(Michael) Joe DeBlasio

 

As of Sept. 2018, I work on Chrome's usable security team, working to make the web safe for average users.

Reach out to me at web.com.

I finished my PhD in July 2018 from the sysnet and cryptosec groups in the Dept. of Computer Science and Engineering at UC San Diego.

My graduate work focused on e-crime (fraud and abuse) and security/privacy measurement on the web. My interests are widespread across security and privacy, but I'm particularly interested in the WebPKI and making security something everyone can benefit from, not just experts.

I was ably advised by Alex Snoeren, and wouldn't have made it without the advice and support of Geoff Voelker and Stefan Savage. I was a proud member of the Center for Evidence-based Security Research (CESR). Before grad school, I received my Bachelor's in CS from the wonderful Harvey Mudd College.

Publications

Hack for Hire: Exploring the Emerging Market for Account Hijacking
Ariana Mirian, Joe DeBlasio, Stefan Savage, Geoffrey M. Voelker, Alex C. Snoeren, and Kurt Thomas,
The Web Conference, May 2019

While phishing detection, risk analysis, and two-factor authentication help stem large-scale hijackings, targeted attacks remain a potent threat not fully addressed by current account protections. "Hack for hire" services make targeted attacks against anyone available for a few hundred dollars. Posing as buyers, we hired several of these services to attack synthetic (though realistic) identities we controlled. We categorize their methods and the state of the market in general.

An Empirical Analysis of the Commercial VPN Ecosystem
Mohammad Taha Khan*, Joe DeBlasio*, Chris Kanich, Geoffrey M. Voelker, Alex C. Snoeren, and Narseo Vallina-Rodriguez ,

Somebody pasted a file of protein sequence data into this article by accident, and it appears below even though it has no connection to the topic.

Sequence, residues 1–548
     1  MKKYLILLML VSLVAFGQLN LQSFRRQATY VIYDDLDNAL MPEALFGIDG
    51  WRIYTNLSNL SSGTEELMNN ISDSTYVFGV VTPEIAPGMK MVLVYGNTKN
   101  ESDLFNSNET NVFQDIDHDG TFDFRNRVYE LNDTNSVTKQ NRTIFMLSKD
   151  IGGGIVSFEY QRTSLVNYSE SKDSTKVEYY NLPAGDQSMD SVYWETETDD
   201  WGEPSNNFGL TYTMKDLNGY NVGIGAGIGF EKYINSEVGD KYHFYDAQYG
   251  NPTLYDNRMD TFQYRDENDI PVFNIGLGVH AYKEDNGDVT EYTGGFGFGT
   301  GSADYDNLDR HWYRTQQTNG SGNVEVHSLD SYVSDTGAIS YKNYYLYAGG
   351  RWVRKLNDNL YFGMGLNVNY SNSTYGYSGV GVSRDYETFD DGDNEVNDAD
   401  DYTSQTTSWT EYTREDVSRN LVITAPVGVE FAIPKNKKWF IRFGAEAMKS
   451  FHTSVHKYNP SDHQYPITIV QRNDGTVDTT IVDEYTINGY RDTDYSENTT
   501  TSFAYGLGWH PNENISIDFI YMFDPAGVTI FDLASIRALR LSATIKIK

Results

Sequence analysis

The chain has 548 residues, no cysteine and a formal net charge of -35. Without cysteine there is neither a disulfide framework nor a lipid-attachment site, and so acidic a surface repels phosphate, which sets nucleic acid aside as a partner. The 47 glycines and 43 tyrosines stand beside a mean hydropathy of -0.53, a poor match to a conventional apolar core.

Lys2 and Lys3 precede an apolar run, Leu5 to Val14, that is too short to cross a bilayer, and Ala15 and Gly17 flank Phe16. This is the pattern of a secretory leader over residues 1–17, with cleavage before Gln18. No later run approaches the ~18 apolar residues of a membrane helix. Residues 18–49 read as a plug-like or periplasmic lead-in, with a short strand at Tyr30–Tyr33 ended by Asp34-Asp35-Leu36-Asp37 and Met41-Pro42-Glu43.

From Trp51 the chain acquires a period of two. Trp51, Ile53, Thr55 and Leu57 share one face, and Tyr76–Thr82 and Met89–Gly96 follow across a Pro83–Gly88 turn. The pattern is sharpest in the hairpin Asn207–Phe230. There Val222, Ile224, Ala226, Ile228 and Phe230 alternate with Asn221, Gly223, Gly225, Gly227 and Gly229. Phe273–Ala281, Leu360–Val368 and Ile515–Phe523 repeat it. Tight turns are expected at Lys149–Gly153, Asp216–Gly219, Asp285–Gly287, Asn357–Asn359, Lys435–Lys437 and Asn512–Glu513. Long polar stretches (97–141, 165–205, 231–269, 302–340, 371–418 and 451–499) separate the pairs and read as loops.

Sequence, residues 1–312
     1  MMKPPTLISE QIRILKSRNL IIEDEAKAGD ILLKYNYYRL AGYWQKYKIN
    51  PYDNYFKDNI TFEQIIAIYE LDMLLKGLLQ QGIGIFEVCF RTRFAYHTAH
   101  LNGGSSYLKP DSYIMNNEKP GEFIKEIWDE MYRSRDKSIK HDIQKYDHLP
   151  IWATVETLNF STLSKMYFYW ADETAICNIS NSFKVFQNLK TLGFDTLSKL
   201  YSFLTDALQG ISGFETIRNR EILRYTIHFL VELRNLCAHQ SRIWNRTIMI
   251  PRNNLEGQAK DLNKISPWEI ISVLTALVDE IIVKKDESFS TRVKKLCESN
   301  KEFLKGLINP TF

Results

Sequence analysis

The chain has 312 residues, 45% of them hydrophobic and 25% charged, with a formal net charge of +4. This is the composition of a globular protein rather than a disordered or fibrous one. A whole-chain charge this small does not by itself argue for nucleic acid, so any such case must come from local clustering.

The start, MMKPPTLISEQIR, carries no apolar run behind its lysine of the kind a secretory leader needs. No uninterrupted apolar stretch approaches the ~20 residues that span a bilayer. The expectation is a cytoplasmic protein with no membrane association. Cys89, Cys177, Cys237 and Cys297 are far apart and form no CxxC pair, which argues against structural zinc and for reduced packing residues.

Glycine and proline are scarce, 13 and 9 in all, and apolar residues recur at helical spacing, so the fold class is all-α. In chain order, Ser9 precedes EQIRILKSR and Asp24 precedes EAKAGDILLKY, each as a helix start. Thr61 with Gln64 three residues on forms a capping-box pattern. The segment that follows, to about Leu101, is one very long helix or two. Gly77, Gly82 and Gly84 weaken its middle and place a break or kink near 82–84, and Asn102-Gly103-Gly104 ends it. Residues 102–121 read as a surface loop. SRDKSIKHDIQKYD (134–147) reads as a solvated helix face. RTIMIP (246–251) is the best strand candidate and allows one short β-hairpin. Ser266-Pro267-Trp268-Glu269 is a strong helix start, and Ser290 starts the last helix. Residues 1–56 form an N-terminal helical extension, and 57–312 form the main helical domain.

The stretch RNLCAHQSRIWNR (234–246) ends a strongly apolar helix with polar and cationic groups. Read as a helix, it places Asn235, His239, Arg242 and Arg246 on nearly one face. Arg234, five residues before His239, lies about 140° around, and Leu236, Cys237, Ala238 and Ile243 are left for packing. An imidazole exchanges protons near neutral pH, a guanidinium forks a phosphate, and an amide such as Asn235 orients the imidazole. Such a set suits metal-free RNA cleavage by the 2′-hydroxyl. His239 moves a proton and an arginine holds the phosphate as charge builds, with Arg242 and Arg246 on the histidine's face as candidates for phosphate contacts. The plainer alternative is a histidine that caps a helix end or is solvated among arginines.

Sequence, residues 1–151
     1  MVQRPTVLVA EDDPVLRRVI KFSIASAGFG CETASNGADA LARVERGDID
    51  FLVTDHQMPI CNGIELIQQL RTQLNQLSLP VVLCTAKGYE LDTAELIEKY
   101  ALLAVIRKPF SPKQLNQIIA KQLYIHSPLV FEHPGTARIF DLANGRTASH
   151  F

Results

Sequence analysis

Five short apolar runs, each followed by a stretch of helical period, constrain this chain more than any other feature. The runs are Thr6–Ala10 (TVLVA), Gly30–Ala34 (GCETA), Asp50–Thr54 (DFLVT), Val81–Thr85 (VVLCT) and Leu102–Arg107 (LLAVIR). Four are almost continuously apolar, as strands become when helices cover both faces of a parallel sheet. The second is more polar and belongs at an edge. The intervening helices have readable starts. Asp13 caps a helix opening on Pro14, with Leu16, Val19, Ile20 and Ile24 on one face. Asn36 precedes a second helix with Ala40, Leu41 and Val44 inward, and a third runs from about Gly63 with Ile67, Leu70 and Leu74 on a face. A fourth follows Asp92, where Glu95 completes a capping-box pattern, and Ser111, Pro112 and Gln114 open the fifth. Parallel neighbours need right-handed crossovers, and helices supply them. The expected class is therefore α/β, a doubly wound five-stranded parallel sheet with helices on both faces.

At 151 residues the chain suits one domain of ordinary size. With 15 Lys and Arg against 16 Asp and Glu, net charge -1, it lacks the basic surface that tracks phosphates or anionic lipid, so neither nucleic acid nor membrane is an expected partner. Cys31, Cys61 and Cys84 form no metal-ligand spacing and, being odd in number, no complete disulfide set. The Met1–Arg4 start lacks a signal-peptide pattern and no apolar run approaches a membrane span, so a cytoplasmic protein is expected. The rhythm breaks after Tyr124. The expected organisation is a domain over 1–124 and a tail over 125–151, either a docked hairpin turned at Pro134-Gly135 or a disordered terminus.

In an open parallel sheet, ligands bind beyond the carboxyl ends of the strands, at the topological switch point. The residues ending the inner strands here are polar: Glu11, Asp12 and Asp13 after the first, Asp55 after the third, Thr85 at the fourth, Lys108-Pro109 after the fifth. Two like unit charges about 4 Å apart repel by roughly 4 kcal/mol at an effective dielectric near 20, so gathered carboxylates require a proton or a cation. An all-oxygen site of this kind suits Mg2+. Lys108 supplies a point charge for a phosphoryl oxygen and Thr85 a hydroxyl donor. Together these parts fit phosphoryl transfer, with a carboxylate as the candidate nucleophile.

Proceedings of the ACM Internet Measurement Conference, October 2018

Though users increasingly rely on commercial VPN services to preserve online privacy, circumvent censorship, and access geo-filtered content, they lack a strong method for evaluating the privacy and security claims made by VPN providers. We designed an active measurement system to test many of security and privacy properties, analyzed 62 commercial providers and find deceptive practices in at least 10\% of the providers studied.

* Co-authors Khan and DeBlasio contributed equally to the work.

Tripwire: Inferring Internet Site Compromise (Press: Gizmodo, The Register),
Joe DeBlasio, Stefan Savage, Geoffrey M. Voelker, and Alex C. Snoeren,
Proceedings of the ACM Internet Measurement Conference, November 2017

Tripwire is a method for detecting website compromises as an unprivileged third-party using externally-visible side effects. Our proof-of-concept implementation exposed previously-unknown compromises impacting more than 100 million users.

Exploring the Dynamics of Search Advertiser Fraud,
Joe DeBlasio, Saikat Guha, Geoffrey M. Voelker, and Alex C. Snoeren,
Proceedings of the ACM Internet Measurement Conference, November 2017.

This work explored search advertiser fraud on Microsoft's Bing search engine, characterizing the scale of fraud, the targeting and bidding behavior of fraudsters, and how those fraudsters impact legitimate advertisers in the ecosystem.

Other stuff

In summer 2017, I co-designed and taught CSE 80, covering essential Linux/UNIX command line skills for all computer scientists and software engineers. The course is highly interactive, taking place entirely at a traditional Bash command prompt.

You know what else is cool? Chez Bob is cool.